You probably aren’t going to be the only one trying to improve at your deck. Find similar minded folks (preferably people who are better than you!) and collaborate! Share ideas and resources. Critique each other’s decklists or sideboard strategies. I’ve said this plenty of times, but working with others was key to my development as a player. Spend some time chatting with people on Facebook or Discord, seek other pilots on Twitter, read primers or articles on your deck, listen to podcasts… there is so much great content out there if you look for it. I highly recommend bookmarking MtGStreams so that you can see who is streaming Legacy at any given time. Follow a couple of high caliber streamers and try to catch them live so that you can interact with them and learn from them. I highly recommend myself, Anuraag Das, Julian Knab, and Ark4n11. You’ll easily find more if you poke around.

Write a sideboard guide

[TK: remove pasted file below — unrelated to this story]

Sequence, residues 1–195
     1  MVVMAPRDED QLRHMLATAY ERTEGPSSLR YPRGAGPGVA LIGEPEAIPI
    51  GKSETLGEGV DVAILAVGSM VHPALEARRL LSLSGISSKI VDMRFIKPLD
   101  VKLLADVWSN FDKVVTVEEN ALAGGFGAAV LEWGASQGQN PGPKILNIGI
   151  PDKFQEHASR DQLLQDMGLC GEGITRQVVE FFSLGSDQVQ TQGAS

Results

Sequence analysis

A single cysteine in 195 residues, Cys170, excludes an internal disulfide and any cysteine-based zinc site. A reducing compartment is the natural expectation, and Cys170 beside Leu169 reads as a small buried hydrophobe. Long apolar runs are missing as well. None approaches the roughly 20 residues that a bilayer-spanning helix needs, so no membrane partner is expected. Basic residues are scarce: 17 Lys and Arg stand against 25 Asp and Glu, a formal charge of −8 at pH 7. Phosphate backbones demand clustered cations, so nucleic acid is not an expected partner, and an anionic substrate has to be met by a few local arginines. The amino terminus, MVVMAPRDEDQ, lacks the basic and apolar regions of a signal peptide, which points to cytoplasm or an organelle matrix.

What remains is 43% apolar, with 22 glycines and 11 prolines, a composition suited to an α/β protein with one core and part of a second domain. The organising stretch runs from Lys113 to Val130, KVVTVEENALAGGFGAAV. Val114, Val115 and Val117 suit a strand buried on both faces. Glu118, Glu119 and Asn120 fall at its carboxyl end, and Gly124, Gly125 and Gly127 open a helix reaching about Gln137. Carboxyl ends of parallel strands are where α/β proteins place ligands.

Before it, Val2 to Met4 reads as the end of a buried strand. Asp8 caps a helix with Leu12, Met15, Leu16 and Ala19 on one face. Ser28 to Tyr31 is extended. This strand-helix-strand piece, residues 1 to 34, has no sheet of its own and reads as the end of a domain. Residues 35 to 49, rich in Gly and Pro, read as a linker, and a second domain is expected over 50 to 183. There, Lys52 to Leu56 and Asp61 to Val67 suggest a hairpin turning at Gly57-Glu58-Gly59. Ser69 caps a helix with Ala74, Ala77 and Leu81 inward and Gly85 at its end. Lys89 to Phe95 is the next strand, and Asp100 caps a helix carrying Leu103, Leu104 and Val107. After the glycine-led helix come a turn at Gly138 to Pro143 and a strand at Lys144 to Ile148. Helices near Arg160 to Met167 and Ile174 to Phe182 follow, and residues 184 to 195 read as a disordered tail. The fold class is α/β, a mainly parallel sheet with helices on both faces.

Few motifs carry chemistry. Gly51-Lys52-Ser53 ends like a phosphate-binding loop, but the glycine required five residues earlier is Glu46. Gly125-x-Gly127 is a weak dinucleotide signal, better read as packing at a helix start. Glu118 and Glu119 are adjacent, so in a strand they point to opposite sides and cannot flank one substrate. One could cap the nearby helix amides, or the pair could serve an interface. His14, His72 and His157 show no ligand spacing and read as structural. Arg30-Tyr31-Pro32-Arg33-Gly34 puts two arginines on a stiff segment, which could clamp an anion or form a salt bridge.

Did you know you are allowed to refer to notes between games of Magic? You can write yourself a sideboarding guide and use it! Tournaments can be long and grueling (more on that in a second!); doing some of that mental work ahead of time can really pay off at the tail end of a long day. It’s also a great way to see if you have too many cards for certain matchups or if a card isn’t actually brought in enough to deserve the spot. Again, Legacy is huge, so you can’t necessarily have a board plan for everything; sketching out a plan for the 10 most popular decks (you know, those same decks you’ve been practicing against…) should be good enough. Even the process of sitting down and writing one of these for the first time is very helpful. I went years without physically writing out one of these, and I regret it. One thing many people don’t realize immediately is that sometimes changing one or two cards in your list can radically change how you play or sideboard for a matchup.